The UK economy could take until 2024 to return to the size it was before the coronavirus lockdown, according to analysis from the EY Item Club.
The forecasters, who use a similar economic model to the Treasury, suggest unemployment will rise to 9% from 3.9%.
They also estimate the economy will shrink by 11.5% this year, worse than the 8% they predicted only a month ago.
Consumers have been more cautious than expected, they said, while low business investment will dampen growth.
As a result, they now expect the post-coronavirus economic recovery to take 18 months longer than previously forecast.
However, the Item Club says it is early days and useful data has only recently been made available.
“Unsurprisingly, without hard data, a wide range of views on the performance and outlook for the UK economy emerged,” said Mark Gregory, UK chief economist at EY.
Last week, the Bank of England’s chief economist Andy Haldane told MPs the UK economy had “clawed back” about half the fall in output it saw during the peak of the coronavirus lockdown in March and April.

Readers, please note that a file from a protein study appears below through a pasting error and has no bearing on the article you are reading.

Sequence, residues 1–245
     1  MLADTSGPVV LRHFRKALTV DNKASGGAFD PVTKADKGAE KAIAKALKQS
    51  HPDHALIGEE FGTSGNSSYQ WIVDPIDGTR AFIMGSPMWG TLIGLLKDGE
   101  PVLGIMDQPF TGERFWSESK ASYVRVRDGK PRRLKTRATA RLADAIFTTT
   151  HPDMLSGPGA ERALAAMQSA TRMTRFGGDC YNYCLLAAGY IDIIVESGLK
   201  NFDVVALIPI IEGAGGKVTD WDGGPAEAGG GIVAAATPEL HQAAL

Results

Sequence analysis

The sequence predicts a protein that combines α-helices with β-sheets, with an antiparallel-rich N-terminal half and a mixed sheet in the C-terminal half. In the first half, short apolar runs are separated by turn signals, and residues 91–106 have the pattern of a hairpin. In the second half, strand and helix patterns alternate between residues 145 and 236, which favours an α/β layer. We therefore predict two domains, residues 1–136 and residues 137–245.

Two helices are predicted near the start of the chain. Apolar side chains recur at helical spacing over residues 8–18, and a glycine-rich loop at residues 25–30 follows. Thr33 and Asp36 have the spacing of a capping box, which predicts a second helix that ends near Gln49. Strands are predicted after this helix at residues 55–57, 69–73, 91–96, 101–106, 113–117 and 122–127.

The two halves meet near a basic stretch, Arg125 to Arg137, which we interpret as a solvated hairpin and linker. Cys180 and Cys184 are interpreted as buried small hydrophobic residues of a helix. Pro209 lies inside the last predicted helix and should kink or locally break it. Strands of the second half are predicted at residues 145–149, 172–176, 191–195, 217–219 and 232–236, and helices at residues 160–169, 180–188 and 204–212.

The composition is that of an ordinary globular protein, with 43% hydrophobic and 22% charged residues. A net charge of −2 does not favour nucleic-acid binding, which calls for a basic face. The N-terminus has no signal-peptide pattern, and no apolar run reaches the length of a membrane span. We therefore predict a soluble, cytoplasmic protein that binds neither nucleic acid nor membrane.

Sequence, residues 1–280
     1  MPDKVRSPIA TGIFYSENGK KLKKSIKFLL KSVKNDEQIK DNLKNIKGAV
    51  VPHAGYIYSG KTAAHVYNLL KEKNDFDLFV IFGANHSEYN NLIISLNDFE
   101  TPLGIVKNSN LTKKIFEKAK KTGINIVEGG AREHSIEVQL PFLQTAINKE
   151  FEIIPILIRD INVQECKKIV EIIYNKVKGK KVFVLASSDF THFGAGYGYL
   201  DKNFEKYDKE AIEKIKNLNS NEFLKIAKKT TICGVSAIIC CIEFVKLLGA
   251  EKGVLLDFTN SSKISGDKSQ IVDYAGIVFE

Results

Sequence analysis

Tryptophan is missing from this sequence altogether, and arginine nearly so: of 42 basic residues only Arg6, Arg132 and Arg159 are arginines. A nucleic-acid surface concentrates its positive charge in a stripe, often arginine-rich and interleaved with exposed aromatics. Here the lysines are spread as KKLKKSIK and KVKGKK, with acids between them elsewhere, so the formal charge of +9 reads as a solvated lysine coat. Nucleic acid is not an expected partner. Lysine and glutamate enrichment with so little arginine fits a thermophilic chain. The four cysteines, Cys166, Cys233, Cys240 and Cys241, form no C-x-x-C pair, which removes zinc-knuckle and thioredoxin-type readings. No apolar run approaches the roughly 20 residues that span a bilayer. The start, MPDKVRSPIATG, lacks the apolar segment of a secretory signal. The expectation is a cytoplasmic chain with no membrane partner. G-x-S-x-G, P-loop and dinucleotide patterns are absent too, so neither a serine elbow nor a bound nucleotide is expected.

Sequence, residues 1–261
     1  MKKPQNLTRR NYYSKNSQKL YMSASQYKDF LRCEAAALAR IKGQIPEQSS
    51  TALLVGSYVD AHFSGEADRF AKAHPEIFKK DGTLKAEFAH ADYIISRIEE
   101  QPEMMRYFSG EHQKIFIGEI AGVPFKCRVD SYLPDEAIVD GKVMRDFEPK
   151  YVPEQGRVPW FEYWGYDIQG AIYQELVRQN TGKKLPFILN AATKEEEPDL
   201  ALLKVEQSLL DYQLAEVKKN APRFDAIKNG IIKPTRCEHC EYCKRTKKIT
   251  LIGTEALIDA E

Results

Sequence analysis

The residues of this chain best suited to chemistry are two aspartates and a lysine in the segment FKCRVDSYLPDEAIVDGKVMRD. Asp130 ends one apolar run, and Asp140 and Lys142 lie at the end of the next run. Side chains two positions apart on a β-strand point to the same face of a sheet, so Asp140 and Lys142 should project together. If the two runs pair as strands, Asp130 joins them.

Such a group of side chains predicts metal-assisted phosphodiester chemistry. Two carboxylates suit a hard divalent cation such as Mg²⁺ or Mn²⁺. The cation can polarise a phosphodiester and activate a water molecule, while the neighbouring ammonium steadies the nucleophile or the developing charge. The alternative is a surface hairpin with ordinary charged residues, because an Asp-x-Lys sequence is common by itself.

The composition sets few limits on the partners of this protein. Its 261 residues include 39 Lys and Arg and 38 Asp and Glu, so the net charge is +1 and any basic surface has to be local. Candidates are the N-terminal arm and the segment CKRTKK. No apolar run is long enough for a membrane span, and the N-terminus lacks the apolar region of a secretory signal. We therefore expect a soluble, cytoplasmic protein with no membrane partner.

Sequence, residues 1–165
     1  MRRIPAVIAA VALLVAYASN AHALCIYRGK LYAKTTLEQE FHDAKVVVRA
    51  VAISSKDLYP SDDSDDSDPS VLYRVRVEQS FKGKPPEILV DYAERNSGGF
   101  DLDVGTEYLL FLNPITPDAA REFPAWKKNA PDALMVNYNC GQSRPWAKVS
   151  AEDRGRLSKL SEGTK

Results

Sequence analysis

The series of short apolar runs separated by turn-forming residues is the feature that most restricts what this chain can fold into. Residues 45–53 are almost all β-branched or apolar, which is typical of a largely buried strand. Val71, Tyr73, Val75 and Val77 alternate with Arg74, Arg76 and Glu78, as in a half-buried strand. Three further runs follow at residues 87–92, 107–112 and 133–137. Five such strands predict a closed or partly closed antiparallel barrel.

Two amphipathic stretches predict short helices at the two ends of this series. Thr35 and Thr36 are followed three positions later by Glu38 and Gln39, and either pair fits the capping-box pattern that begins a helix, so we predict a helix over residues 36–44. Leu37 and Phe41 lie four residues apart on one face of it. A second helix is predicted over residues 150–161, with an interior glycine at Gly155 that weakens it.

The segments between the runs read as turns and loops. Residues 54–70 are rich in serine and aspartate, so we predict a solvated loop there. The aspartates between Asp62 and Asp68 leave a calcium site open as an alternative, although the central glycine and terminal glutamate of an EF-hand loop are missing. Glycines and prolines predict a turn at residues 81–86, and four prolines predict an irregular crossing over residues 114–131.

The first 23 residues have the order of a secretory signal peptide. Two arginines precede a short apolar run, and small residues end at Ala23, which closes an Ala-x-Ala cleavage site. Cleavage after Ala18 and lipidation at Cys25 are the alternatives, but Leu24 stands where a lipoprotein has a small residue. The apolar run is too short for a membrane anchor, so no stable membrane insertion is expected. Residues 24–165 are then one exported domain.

There had been a V-shaped “bounceback”, he said, referring to the shape that indicates a rapid economic recovery.
Last month, Mr Haldane said the economy was “on track for a quick recovery”.
‘Past its low point’
However, other economists have expressed doubts about the potential for such a swift recovery in activity.
“Even though lockdown restrictions are easing, consumer caution has been much more pronounced than expected,” said Howard Archer, chief economic adviser to the EY Item Club.
“We believe that consumer confidence is one of three key factors likely to weigh on the UK economy over the rest of the year, alongside the impact of rising unemployment and low levels of business investment.
“The UK economy may be past its low point but it is looking increasingly likely that the climb back is going to be a lot longer than expected.”
The government has moved to cut taxes, support wages and offer incentives to spend in an effort to keep the economy going and encourage consumers to spend.
Earlier this month, Chancellor Rishi Sunak cut VAT on hospitality and promised to pay firms a £1,000 bonus for every staff member kept on for three months when the furlough scheme ends in October.
But he also conceded that not every job would be saved, and his £30bn package was criticised for helping certain sectors, such as restaurants and tourism, but ignoring others.
Last month, the Bank of England said it would pump an extra £100bn into the UK economy to help fight the “unprecedented” coronavirus-induced downturn.